TENS: Alternative pain relief during labour
Most expectant mothers want to keep the use of drugs to a minimum during their birthing. Transcutaneous Electrical Nerve Stimulation (TENS) is one safe, effective, non-invasive way to do this.
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Most expectant mothers want to keep the use of drugs to a minimum during their birthing. Transcutaneous Electrical Nerve Stimulation (TENS) is one safe, effective, non-invasive way to do this.

The use of TENS provides a level of pain relief that carries many women through to the final stages of birth. Not many women understand how it works and that it is readily available in South Africa.

What is TENS?

TENS is a method of pain relief involving the use of small electrode pads placed on the lower back, which deliver a very mild electrical stimulus. The intensity of the stimulation is set by the mother and is continuously variable. This stimulation prickles but is painless. Its effect is to reduce pain to a manageable level.

Read: How do I know I'm in labour?

The self-adhesive pads are placed on your back and these are connected to the TENS unit by a pair of lead wires. A low-voltage electric current is passed across these pads and this stimulates your body to produce its own natural pain relieving substances (called endorphins) and to reduce – or even block altogether – the pain messages reaching your brain. Endorphins, the natural painkillers that the body produces, are many times stronger than morphine.

As labour progresses the intensity of the electrical stimulation is increased to cope with the increased intensity of contractions. With TENS you are in complete control at all times.

How does it work?

TENS is thought to work in 2 ways. Electrical stimulation at a rate of 2 Hertz (pulses) a second is thought to stimulate the release of endorphins (your body’s own pain-killing hormones), traces of which have been found in the fluid that bathes the spinal cord.

TENS will quickly raise the body’s endorphin levels if you start using it early in labour, before the contractions become really intense.

During first stage the impulses from the TENS machine travel along the fast-conducting A-fibres to the brain, arriving there ahead of the pain impulses from your contracting uterus that travel along the slow conducting C-fibres. In simple terms, this means that the slower pain signal on its way up to the brain encounters an “engaged” tone set up by the faster traveling TENS and therefore cannot get through.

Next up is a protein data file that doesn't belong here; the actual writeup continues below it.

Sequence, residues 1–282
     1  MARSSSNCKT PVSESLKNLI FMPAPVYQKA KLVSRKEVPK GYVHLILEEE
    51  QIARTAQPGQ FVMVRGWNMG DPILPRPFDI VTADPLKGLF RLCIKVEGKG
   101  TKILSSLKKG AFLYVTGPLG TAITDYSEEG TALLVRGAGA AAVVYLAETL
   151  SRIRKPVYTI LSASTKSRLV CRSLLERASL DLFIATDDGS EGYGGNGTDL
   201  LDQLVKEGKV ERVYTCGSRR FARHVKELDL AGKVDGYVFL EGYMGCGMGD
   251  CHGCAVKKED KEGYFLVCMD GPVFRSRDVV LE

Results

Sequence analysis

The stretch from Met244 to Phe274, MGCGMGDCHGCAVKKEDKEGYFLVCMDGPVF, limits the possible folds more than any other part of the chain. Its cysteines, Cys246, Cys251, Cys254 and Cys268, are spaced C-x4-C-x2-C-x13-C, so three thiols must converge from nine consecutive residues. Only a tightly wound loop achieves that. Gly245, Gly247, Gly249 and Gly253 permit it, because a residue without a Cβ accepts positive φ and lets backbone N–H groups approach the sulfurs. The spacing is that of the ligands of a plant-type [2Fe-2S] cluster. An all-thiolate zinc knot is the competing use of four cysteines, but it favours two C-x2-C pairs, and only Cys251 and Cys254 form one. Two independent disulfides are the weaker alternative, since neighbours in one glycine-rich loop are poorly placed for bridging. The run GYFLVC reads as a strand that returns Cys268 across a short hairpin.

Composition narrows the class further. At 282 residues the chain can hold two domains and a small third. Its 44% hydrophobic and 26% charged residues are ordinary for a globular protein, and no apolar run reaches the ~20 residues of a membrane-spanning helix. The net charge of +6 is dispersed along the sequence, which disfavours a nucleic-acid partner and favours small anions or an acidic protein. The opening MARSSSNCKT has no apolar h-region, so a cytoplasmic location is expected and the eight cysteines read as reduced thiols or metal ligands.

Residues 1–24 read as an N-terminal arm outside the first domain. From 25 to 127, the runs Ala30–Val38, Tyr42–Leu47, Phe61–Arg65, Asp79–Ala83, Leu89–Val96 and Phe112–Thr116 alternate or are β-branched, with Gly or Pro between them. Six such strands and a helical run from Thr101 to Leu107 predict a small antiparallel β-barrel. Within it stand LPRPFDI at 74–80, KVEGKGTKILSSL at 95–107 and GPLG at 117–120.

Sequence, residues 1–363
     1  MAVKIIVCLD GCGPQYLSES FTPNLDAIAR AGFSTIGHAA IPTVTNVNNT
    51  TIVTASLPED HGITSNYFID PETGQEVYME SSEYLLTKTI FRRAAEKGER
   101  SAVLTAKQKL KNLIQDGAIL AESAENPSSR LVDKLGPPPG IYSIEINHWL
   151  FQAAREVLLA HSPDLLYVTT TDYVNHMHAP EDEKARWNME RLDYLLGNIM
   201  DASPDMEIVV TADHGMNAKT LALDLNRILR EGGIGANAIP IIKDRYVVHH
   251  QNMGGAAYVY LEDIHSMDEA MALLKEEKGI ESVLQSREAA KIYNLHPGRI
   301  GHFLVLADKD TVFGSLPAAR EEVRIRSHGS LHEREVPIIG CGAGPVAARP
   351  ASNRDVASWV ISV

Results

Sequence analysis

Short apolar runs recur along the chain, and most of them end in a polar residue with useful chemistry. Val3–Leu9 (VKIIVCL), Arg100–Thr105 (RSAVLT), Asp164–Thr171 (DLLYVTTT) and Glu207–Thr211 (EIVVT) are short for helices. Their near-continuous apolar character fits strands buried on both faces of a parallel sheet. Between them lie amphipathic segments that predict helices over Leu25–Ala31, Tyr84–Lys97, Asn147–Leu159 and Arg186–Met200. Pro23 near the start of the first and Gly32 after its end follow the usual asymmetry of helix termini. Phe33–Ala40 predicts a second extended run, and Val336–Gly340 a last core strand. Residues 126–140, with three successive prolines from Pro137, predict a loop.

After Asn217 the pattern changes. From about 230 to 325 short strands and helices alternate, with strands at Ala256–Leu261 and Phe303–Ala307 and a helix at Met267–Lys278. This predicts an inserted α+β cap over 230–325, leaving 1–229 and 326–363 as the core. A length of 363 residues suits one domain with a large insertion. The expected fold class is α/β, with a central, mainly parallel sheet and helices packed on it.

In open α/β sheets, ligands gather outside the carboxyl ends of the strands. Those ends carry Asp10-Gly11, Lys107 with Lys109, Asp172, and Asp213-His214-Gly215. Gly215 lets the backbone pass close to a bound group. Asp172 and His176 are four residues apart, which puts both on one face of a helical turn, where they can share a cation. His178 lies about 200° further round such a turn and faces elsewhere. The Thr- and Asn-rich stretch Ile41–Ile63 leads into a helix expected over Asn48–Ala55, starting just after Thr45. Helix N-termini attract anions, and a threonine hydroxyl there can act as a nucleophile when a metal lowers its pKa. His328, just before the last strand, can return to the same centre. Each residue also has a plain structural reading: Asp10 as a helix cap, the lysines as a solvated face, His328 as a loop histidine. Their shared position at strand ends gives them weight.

Also read: Is your pelvis big enough for labour?

Do I need to practise with it?

It is a good idea to try out the TENS machine before labour, so that you can get used to using it and also to the sensation it produces. It is recommended that you start practicing with the TENS from about 37 weeks so that your body can already start building the levels of endorphins and so that once labour starts your endorphins are primed to respond readily to the stimulus.

There are many advantages to using TENS:

  • It’s natural and its sole use can lead to a drug-free labour.
  • It’s non-invasive.
  • It’s completely safe and has no adverse side-effects on the mother or her baby.
  • It’s easy to use and the mother has it entirely under her control throughout labour.
  • TENS does not make you drowsy or cause you to lose consciousness and so a TENS-birth should result in a more pleasant and satisfying experience.
  • It’s portable (it is small, self-contained and battery-powered) so you can stay mobile.
  • It can be used at home (for a home birth) or before going to hospital.
  • TENS can be used in conjunction with analgesics such as pethidine or entonox, as well as alternative pain remedies like aromatherapy and acupressure.
  • It can be bought or hired.

Must read: 100 amazing facts about pregnancy

Are there any disadvantages?

There are some disadvantages too. A TENS machine may interfere with electronic monitoring and may need to be removed. Some women find it ineffective, and it cannot be used for water birth.

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